The lazy mentality of Caltrans lives on. But the way to correct that is to be vigilant citizens, not knee jerkers just saying no to everything.

» on 02.27.13 @ 09:22 PM

Here’s a good one for all you Caltransvestites.  Due to another miscalculation by your revered agency, the new paving just done in the area of Bailard overpass will have to be ripped out and lowered. Story is that they botched the elevations and will now have to rip out 800 feet of new pavement to achieve the necessary minimum height. This is the agency that you guys think has a handle on freeway planning through Montecito ?  Wanna buy a bridge ?

» on 02.28.13 @ 11:59 AM

Typical Willie, reminds me of the parking garage fiasco behind the Granada. If you ever wondered why I became a libertarian…

» on 02.28.13 @ 12:24 PM

I’m not by any stretch arguing Caltrans is perfect. Far from it. But, with respect to the 101 Widening project, they’ve got it right, and have a pretty good PM in Scott Eades.

I have yet to see any credible engineering study refuting the Caltrans design. If there is one, please share details here Willy. And remember, I said CREDIBLE engineering study. Not some conjecture thrown together by someone who’s dad maybe used to live next door to a civil engineer or some such BS.

» on 02.28.13 @ 06:48 PM

VoR, that is a lot to say. They are widening the roadway, they got that right. They are eliminating the left hand ramps, they got that right. Out side of those two items what else are you referring to, culvert design, median width, sound walls, finish landscaping, landscape protection during construction, pavement type, bridge design, bridge abutments, lighting standards and placement and so on? I don’t know Scott and honestly most of the ground level folks I have dealt with at Caltrans are pretty good. My beef has always been with Sacramento, the high level guys micromanaging the engineers and designers with egos and now politics.

I said before you can’t fix bad by just saying no to everything. By the same token you can’t do it by always saying yes to everything as well.

» on 03.01.13 @ 02:03 PM

I did some research on the Montecito Association.  The idea that the represent Montecito is their own self-designation.  Their membership is about 10% of the Montecito population.  Active members number about 30, i.e. about .003, 3 tenths of .one percent of the Montecito population.  These are the miniscule minority that are blocking cell phone and 101 improvements for the rest of us.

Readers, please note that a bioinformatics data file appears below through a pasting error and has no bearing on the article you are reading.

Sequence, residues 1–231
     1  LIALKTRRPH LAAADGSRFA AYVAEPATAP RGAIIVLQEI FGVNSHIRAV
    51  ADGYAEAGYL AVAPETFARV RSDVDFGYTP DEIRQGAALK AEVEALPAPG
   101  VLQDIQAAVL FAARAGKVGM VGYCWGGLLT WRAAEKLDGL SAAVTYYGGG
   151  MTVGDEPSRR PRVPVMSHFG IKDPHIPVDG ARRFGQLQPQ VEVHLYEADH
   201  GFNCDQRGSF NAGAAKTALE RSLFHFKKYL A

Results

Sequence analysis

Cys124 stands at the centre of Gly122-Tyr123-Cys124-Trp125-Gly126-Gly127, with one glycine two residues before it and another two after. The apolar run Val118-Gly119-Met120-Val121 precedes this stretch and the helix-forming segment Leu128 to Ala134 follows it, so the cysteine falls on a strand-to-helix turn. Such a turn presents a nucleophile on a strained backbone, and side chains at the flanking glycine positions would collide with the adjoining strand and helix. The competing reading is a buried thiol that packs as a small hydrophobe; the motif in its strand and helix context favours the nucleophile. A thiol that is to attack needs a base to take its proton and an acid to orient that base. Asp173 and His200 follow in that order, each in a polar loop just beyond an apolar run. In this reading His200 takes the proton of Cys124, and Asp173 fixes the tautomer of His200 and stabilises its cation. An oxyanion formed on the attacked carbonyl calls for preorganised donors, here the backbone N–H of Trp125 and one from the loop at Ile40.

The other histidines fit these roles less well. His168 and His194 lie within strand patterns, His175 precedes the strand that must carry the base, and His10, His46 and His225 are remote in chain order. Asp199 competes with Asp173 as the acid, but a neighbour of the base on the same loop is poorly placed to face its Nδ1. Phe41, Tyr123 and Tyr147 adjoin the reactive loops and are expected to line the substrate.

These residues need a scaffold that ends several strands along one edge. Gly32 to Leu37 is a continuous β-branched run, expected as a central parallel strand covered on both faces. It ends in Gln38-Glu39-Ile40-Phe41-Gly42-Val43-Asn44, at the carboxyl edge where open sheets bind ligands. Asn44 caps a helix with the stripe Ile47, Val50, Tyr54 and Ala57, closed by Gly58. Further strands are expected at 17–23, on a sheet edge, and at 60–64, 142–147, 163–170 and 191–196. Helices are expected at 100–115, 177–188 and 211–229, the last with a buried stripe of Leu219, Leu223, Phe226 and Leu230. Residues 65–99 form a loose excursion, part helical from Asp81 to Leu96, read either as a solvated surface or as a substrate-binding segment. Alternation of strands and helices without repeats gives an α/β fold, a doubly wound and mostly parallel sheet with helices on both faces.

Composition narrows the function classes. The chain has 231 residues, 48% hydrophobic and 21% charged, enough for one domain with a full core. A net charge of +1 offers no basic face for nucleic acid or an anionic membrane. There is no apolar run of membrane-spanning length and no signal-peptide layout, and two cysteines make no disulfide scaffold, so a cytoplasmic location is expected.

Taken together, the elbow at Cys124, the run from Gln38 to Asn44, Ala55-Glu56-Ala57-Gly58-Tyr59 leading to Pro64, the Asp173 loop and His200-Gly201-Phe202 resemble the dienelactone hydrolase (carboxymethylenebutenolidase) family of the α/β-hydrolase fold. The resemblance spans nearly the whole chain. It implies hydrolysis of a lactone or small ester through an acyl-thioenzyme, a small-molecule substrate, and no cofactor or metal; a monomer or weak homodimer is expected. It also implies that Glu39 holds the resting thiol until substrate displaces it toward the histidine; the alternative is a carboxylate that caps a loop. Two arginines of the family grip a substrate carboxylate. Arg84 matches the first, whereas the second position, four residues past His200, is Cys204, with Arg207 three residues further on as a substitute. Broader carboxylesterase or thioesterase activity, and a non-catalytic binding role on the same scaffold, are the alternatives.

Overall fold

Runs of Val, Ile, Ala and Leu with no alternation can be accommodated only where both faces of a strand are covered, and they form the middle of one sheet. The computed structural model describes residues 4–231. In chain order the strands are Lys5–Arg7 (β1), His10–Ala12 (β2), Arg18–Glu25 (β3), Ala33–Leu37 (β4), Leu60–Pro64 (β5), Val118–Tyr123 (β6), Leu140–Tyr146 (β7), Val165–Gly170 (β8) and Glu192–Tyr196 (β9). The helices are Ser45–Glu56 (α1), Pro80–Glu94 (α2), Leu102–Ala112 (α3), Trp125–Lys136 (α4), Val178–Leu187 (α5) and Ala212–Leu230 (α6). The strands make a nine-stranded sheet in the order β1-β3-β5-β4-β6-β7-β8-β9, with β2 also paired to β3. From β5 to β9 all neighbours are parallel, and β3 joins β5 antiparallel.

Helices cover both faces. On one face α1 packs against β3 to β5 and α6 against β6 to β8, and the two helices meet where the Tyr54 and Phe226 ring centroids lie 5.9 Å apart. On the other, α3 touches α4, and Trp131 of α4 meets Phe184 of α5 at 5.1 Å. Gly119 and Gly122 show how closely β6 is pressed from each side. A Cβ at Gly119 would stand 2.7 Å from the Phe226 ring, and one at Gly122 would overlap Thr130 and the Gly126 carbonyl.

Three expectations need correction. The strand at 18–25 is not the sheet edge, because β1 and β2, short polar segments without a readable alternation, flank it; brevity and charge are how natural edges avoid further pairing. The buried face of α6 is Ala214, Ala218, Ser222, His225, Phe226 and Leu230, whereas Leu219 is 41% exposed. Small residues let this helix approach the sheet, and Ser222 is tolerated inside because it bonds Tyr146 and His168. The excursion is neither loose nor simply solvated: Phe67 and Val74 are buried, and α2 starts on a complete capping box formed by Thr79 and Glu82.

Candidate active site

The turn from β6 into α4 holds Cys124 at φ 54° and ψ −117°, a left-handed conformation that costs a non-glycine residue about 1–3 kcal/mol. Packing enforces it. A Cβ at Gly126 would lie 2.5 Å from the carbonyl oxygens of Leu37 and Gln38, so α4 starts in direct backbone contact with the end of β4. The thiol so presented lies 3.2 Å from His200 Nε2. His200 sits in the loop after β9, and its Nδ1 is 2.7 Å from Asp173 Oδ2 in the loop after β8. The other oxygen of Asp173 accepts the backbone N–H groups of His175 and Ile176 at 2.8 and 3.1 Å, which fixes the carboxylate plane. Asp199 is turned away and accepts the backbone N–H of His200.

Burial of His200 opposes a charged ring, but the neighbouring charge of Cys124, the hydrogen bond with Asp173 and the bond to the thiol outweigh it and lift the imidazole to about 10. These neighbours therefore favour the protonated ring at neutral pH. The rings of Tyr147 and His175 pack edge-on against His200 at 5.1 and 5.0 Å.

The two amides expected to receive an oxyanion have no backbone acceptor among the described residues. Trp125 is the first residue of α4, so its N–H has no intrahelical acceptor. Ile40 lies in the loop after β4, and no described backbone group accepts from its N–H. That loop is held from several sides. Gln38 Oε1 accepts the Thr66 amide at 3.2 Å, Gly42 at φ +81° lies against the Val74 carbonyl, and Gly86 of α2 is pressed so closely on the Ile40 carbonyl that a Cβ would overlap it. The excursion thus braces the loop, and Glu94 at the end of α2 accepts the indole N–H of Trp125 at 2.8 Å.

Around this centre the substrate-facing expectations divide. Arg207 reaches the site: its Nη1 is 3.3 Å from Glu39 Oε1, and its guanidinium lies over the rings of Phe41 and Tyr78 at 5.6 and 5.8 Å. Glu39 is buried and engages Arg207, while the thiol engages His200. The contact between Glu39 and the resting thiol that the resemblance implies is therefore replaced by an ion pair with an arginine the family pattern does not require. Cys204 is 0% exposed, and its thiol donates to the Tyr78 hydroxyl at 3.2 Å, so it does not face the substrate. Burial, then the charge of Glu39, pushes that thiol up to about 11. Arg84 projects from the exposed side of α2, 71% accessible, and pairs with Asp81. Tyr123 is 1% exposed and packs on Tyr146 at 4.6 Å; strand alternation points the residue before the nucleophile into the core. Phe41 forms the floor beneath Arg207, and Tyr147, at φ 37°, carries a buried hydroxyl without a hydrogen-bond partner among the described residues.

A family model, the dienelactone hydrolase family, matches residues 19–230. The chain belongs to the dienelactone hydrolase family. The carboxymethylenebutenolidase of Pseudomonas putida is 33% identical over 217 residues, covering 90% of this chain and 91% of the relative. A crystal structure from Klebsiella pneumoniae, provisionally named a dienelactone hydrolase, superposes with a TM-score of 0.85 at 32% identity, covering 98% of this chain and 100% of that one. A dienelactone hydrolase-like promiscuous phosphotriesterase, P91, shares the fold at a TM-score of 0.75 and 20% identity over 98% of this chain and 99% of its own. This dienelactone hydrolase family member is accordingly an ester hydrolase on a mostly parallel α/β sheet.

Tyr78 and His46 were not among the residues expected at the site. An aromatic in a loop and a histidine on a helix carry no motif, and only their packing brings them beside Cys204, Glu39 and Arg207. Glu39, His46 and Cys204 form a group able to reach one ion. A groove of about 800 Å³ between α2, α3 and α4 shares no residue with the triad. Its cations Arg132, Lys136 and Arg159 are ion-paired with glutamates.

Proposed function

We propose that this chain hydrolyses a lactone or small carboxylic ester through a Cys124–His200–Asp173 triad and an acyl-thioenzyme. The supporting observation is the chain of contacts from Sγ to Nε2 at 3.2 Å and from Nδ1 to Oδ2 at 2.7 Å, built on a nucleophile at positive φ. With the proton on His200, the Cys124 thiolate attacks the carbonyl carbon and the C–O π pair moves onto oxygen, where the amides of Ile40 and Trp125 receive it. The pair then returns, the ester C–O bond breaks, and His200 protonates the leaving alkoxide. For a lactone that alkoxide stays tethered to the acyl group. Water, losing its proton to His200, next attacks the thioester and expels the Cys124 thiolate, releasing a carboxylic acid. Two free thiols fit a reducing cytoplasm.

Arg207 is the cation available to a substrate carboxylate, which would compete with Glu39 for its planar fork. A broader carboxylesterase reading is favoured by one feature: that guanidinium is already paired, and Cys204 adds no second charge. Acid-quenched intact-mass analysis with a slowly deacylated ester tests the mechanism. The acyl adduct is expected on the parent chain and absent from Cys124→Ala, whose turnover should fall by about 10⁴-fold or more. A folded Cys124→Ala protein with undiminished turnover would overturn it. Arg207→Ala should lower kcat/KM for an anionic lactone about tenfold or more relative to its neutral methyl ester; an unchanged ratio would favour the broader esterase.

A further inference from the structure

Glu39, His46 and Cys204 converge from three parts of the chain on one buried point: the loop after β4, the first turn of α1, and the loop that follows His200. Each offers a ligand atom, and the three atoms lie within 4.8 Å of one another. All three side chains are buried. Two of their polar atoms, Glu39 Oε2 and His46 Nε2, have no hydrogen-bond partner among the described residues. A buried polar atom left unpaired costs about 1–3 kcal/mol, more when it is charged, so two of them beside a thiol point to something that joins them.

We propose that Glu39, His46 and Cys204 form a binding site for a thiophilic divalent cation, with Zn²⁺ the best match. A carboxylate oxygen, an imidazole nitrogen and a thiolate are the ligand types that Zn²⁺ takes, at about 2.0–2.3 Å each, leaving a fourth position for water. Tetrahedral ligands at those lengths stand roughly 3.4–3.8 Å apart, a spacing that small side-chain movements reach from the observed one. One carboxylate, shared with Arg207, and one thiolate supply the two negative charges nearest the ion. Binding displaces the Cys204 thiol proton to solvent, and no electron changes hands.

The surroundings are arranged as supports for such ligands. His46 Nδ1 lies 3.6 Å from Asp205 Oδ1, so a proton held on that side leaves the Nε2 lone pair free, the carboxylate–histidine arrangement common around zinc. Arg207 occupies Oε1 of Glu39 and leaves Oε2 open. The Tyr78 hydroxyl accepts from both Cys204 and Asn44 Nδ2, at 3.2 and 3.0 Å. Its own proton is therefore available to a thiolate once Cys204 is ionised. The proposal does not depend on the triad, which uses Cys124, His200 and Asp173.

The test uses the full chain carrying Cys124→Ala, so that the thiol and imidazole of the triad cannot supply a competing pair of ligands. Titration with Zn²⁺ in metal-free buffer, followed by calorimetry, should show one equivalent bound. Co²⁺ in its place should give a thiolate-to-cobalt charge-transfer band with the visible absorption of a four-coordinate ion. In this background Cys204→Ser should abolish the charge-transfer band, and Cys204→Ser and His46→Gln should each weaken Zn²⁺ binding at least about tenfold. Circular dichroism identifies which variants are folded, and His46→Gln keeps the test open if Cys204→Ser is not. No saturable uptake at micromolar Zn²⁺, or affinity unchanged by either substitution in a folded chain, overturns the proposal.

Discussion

» on 03.02.13 @ 02:13 AM

Locke , how is eliminating offramps that have low accident statistics an improvement in your mind ? Why are sound walls that wipe out the treasured view of Fernald Point a good idea to you?  You and all your anti big gubment buddies strangely want to trust an autocratic government planning agency hell bent on bringing the 405 to Santa Barbara.  Weird double standards.

» on 03.02.13 @ 11:18 AM

Wally, you’re starting to reveal yourself as a bit ignorant. This is not a Santa Barbara issue. It’s a US ROUTE, that servers as an inter-regional transportation corridor. It traverses the entire west coast of the US.

There are federal and state design standards that are in place to ensure uniform and safe travel of the motoring public. I’m sorry you don’t like or trust government, but it actually is necessary for large programs, like national defense or national highway standards. Can you imagine what it would be like if each city or county in the country could determine it’s own design standards, traffic signs, etc.?

And AN50, I agree with you. Caltrans has it right on the “big picture” items, but now that the concept has been established they should allow private engineering consultants to do the detail work. It would be way more efficient that way. In this case, that decision rests with SBCAG, so as locals we can use our voices to encourage that to happen ASAP.

» on 03.03.13 @ 01:30 PM

Willie, I explained why the ramps must change. It was actually a requirement of local government SBCAG that any new lane addition on the south coast be HOV. That necessitates the removal of all lefty ramps. It has nothing to do with safety. VoR, this is why local government can’t be trusted to tie its shoes let along design a modern highway, far too much emphasis on dopy social engineering rather than traffic engineering.

As I stated earlier, the design could have been done better in order to accommodate much needed lanes and preserve the beauty of the wooded section of highway through Montecito. Caltrans doesn’t like vegetation and SBCAG is too wrapped up in stupid and largely useless micromanaging of driver behavior. The result? Another massive waste of taxpayer money on something a kid with a box of tinker toys could have done better with.